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The Gap Year Blog

The Gap Year Blog

Coming soon to Into the Wild:

Interview with Thandiwe Mweetwa!



It’s 2019. Women consistently outnumber men in higher education institutions around the world and the UK’s higher education admissions service UCAS revealed in 2018 that young women are 36 per cent more likely to apply to university than their male peers; you might be forgiven for thinking that the historic gender disparity of graduates (and consequently the disparity of that sweet, sweet cash) is at an end.

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How many times in a day do you check your phone? Or worse, how many times do you go on your phone to avoid talking to the people around you? It is said that my generation is the least connected to the people that surround us, yet it is in fact in the secluded beach camp in Ambalahonko, Nosy Be, where I feel more in touch with the place and the people than I have in a long time.

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Having previously volunteered with Frontier Fiji back in 2010, I enjoyed my time so much I knew I wanted to come back to work- 9 years later here I am!

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It’s August 2016. I’m freshly eighteen, fresh out of school, with hot-off-the-press A-Level grades and a whole lot of pre-university dread burning a hole in my pocket. So far, so appropriately coming-of-age narrative.

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I’ve been a Frontier Volunteer for just over a week now, and while I originally joined their dive project to help collect data for my own dissertation research, I’d obviously heard about the manatees living around Caye Caulker and hoped I might see one during my 5-week stay.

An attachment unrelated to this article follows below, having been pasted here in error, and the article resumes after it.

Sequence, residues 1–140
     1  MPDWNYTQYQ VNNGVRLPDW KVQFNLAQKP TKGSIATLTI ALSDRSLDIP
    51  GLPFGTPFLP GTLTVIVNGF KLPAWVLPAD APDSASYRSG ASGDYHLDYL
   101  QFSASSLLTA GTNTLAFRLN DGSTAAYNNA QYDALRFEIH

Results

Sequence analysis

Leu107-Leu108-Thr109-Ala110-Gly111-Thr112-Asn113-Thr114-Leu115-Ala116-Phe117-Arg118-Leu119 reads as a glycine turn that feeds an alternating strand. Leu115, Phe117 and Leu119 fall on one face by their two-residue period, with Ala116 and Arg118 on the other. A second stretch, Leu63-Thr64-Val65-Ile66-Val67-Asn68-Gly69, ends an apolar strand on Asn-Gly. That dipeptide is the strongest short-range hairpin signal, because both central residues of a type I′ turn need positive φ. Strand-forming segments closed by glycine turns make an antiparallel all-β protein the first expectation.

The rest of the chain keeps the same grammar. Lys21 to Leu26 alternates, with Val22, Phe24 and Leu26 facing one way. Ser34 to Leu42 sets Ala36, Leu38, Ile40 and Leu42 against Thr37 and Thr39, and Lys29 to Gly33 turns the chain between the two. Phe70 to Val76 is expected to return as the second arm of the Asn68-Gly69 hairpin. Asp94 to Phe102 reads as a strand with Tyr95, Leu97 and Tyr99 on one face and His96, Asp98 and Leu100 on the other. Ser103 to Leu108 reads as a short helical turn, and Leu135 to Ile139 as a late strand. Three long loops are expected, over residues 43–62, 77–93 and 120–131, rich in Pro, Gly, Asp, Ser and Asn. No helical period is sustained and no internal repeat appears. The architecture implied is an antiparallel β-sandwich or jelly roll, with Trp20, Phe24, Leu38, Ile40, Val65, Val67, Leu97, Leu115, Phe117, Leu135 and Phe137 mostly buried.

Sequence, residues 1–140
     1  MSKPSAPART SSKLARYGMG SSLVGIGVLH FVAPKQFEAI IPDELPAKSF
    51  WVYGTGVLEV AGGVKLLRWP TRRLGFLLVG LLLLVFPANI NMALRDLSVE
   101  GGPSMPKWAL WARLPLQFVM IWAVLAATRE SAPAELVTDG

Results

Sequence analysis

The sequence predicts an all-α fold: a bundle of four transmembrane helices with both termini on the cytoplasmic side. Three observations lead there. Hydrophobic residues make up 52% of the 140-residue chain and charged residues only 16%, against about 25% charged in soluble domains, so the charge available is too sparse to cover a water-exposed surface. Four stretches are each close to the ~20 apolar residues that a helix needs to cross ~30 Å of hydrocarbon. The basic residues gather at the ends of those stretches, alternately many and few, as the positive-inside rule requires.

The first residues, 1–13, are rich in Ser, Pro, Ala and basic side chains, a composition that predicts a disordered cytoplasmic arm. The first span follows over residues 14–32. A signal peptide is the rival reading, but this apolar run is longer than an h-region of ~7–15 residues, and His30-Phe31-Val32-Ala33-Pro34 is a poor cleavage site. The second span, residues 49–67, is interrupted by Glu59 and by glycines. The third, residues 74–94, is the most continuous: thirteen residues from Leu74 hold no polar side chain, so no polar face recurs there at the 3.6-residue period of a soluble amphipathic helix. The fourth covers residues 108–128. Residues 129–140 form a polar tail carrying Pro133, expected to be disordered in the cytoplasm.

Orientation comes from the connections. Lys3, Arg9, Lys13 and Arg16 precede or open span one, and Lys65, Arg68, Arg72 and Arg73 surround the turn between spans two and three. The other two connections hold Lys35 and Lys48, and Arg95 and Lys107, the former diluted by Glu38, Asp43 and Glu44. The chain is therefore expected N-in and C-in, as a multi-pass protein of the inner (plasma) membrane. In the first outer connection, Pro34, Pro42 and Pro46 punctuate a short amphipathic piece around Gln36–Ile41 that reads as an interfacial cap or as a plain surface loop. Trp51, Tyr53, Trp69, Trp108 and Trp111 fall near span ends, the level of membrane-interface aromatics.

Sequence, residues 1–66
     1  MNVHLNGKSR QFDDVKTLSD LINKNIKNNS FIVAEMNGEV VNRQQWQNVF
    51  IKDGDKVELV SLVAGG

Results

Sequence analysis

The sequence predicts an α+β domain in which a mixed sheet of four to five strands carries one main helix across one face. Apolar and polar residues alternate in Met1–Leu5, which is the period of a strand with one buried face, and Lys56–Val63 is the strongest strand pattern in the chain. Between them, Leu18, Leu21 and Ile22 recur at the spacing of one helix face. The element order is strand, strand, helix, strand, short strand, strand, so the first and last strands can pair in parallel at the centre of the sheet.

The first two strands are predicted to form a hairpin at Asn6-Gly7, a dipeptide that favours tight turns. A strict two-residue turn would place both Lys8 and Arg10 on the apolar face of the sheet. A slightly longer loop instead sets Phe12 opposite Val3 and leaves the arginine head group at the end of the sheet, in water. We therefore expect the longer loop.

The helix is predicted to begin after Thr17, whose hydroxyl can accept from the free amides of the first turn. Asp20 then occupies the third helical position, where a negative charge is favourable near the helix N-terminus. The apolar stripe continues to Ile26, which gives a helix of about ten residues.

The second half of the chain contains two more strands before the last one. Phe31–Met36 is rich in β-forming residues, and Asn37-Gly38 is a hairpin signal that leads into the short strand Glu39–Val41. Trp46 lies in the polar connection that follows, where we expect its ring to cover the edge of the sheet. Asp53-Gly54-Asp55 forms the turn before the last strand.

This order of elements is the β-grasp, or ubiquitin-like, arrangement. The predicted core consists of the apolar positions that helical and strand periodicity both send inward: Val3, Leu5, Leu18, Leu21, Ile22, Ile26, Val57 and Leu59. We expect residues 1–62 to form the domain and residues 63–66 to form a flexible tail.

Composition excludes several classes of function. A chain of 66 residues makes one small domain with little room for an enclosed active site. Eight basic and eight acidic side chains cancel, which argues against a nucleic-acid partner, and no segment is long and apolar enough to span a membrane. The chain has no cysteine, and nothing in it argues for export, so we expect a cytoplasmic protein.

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My adventure is just beginning - I'm already seven weeks in but feel like I'm only just scraping the surface of what this place has to offer. With each day being full of unexpected moments, unbelievable encounters and unforgettable memories...

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Meet Owen, Max, Esaa, and Ben, 4 environmental scientists from the University of Liverpool who have been volunteering for the past 2 weeks here in Tenerife. Here’s what they had to say:

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Throughout the whole of my early teenage life, I dreamt of escaping my tiny Italian village and exploring the world. I took any chance I had to meet people from other countries and learn about what life was like outside of my social bubble. I always felt like my village was too small for me and I needed to experience how life was in other places.

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At the end of a busy week, myself and 8 other volunteers decided that we would rent a car to access the north of Tenerife, so that we could enjoy it in all its glory without worrying about the burden of bus schedules. A far cry from the hustle and bustle of the southern Tenerife, the Anaga rural park is the perfect place to unwind and bask in all its natural beauty.

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A little over a week ago, I travelled here to Caye Caulker from Miami, Florida to complete data collection for my Master’s Thesis at Nova Southeastern University. My research is focusing on nurse sharks in a popular tourist spot called Shark Ray Village (SRV). I am examining the effects of provisioning tourism (feeding of the sharks) on the nurse sharks within SRV. I will be looking at how this tourism activity is affecting the behaviour, abundance, habituation and body condition of the nurse sharks.

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